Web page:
While our country was taking a collective sigh of relief after the guilty verdicts convicting George Floyd’s murderer last week, systemic racism continued to flaunt itself in our society. Manifesting in blatant, outward displays of excessive violence, and in more nuanced microaggressions that constantly go unnoticed by those they do not directly affect.
There is still much work to be done, even in our most seemingly progressive bubbles such as our local theater industry. And focusing on this issue is Young Playwrights’ Theater (YPT), with a three-part web series titled Silence Is Violence: The Future of the Field presented in partnership with the Howard University Department of Theatre Arts.
The virtual show addresses the difficulties of BIPOC artists navigating a predominantly white-managed theater industry. Young and seasoned artists alike struggle just to be seen without the “aid” of a whitewashed lens to make their stories more appealing to the broader white audience.
In 2015, YPT’s Silence Is Violence Program was started to serve as a means for youth and the community to actively communicate concerns and, as their website further states, to create the “most immediate and direct route of addressing social justice issues affecting Washington, DC area youth through performance and community dialogue.”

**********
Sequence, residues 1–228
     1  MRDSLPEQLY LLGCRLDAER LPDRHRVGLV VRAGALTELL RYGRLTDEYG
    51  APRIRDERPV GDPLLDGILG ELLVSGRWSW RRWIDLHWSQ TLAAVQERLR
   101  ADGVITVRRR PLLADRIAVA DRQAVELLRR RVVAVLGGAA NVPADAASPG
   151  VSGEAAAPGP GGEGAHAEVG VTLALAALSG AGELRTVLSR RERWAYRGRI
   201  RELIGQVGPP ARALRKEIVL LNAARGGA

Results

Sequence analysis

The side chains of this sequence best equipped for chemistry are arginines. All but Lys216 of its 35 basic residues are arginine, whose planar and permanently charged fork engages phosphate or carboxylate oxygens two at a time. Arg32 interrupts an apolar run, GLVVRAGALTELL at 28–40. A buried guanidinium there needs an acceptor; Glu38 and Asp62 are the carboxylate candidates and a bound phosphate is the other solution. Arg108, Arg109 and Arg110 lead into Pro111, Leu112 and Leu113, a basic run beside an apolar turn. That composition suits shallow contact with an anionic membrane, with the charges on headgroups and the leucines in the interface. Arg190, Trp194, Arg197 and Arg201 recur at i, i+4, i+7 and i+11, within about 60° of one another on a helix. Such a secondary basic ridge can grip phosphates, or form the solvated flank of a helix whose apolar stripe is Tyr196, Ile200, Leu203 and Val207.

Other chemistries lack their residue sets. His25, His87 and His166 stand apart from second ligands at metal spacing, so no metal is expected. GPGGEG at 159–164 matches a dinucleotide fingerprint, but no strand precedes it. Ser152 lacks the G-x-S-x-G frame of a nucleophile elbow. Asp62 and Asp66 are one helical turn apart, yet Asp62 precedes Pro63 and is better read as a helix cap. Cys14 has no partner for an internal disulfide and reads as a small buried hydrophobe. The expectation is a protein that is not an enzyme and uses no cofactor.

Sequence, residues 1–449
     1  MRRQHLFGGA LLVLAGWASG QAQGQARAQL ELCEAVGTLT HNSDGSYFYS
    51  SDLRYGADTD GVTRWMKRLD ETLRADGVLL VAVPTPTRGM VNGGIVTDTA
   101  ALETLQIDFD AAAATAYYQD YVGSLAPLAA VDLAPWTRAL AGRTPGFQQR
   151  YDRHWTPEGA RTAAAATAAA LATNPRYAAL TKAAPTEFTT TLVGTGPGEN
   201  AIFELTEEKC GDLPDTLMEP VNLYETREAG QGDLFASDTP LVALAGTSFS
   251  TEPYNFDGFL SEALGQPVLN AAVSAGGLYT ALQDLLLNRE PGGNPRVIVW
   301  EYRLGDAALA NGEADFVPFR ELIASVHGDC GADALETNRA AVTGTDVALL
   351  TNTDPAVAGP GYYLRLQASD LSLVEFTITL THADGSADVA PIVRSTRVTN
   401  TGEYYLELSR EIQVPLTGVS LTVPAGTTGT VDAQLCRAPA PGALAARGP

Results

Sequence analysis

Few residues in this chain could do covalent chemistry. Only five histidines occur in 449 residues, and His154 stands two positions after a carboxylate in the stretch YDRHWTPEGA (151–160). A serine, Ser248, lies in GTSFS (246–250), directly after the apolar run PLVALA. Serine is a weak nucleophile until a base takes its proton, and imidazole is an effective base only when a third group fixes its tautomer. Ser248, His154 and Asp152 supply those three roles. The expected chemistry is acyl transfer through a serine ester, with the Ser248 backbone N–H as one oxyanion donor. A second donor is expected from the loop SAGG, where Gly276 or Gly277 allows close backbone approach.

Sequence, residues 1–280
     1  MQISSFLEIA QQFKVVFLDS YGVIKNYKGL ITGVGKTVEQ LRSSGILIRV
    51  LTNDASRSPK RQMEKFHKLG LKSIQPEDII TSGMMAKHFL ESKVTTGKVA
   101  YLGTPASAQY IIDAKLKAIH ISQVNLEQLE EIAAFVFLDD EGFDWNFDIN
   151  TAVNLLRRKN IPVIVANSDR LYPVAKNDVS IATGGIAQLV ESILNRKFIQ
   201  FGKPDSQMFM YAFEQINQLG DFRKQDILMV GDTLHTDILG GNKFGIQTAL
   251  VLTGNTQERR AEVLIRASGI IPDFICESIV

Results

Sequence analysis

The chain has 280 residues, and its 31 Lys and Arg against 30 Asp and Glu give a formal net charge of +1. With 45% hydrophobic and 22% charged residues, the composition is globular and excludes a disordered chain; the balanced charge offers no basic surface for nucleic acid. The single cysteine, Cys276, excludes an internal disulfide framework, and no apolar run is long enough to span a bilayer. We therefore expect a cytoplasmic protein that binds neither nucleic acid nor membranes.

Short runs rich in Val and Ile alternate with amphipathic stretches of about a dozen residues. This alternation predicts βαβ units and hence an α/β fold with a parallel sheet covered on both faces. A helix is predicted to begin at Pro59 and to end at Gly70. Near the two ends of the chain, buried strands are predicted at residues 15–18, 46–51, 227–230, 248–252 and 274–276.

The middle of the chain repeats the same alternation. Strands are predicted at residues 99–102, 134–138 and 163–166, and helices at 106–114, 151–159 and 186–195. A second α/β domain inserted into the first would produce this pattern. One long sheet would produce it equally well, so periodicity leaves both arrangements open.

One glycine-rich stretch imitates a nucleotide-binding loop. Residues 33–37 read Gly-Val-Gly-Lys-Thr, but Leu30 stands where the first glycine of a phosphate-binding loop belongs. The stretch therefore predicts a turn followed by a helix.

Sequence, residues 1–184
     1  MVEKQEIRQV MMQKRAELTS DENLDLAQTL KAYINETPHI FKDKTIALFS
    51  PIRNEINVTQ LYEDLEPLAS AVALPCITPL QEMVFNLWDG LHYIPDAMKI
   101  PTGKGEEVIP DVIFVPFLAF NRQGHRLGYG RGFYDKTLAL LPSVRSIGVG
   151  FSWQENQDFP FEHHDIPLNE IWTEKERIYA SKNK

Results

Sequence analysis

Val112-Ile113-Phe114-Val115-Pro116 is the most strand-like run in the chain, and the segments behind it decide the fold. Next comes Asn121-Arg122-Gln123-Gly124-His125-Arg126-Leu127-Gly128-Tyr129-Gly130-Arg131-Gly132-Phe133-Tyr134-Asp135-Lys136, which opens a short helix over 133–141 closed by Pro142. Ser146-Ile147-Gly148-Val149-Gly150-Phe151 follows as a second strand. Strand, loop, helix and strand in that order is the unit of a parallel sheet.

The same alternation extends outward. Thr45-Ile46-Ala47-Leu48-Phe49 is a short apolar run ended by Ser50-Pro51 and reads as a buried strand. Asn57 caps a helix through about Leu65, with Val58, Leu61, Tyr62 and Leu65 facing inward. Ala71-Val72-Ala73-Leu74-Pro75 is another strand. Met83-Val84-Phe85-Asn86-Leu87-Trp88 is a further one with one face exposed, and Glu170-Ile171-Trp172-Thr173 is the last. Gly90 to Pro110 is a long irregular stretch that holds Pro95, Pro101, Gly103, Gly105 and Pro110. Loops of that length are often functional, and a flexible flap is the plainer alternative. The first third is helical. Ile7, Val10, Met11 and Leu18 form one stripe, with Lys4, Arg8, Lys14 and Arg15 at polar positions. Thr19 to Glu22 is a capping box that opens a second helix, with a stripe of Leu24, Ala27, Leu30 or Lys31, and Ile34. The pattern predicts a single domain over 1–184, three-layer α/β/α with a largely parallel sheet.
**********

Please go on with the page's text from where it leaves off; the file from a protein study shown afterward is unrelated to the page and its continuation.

“The cornerstone of YPT’s Silence Is Violence series is the voices of our youth front and center,” says Artistic Director Farah Lawal Harris. “In producing this year’s Silence Is Violence, we wanted to make sure that Ayanna [Fowler], Autumn [Angelettie], and Jaucqir [LaFond] had the support they needed to really take ownership of this project and the message they want to share with the world.”
For BIPOC artists, the support that Harris refers to is exactly what has been missing in most of the theater community.
Silence Is Violence: The Future of the Field follows the course of a show in virtual rehearsals: a show-within-a-show of sorts but with a real-time vibe. The piece is being produced in a white-led theater under the guise of lifting Black voices and giving power to the BIPOC community.
The three-person cast, all Howard theater students, play versions of themselves: Autumn Angelettie (she/her) as the director, Ayanna Fowler (she/her) as a performer, and Jaucqir LaFond (they/them) as a performer and the playwright.
Jaucqir is looking for this project to propel them further in their career after a highly successful debut production.
Autumn is coming off an acclaimed yet controversial directorial project and is thankful to be employed.
Ayanna is a budding performer, who enjoyed rave reviews in LaFond’s premiere and is thrilled to be working with them again.
Each team member has something to gain from the experience, but when the artistic director, Liz (voiced by Angelettie), accidentally sends an email intended for a production member to the entire cast, their positions shift. Liz shows her veiled racism (by acknowledging the theater’s deliberate underfunding of the project) and entirely disingenuous motives for supporting the BIPOC piece (by announcing the sole purpose of wanting to hit an equality goal mark).